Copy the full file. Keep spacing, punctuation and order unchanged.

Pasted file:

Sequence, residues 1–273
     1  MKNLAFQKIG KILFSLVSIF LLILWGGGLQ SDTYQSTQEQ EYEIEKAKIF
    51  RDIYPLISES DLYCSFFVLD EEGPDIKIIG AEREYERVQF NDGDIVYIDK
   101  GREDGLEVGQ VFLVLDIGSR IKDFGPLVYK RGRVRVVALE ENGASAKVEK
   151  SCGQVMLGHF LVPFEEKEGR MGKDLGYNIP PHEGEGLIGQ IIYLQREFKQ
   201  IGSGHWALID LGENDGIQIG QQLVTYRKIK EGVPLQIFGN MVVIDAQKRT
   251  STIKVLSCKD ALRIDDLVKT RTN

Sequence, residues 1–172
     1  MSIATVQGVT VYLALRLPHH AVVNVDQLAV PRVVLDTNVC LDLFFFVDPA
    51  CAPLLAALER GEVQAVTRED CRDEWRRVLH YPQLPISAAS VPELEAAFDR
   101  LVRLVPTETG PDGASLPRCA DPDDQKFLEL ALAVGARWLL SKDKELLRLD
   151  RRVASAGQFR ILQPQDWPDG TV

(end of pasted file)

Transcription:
Sequence, residues 1–273
     1  MKNLAFQKIG KILFSLVSIF LLILWGGGLQ SDTYQSTQEQ EYEIEKAKIF
    51  RDIYPLISES DLYCSFFVLD EEGPDIKIIG AEREYERVQF NDGDIVYIDK
   101  GREDGLEVGQ VFLVLDIGSR IKDFGPLVYK RGRVRVVALE ENGASAKVEK
   151  SCGQVMLGHF LVPFEEKEGR MGKDLGYNIP PHEGEGLIGQ IIYLQREFKQ
   201  IGSGHWALID LGENDGIQIG QQLVTYRKIK EGVPLQIFGN MVVIDAQKRT
   251  STIKVLSCKD ALRIDDLVKT RTN

Sequence, residues 1–172
     1  MSIATVQGVT VYLALRLPHH AVVNVDQLAV PRVVLDTNVC LDLFFFVDPA
    51  CAPLLAALER GEVQAVTRED CRDEWRRVLH YPQLPISAAS VPELEAAFDR
   101  LVRLVPTETG PDGASLPRCA DPDDQKFLEL ALAVGARWLL SKDKELLRLD
   151  RRVASAGQFR ILQPQDWPDG TV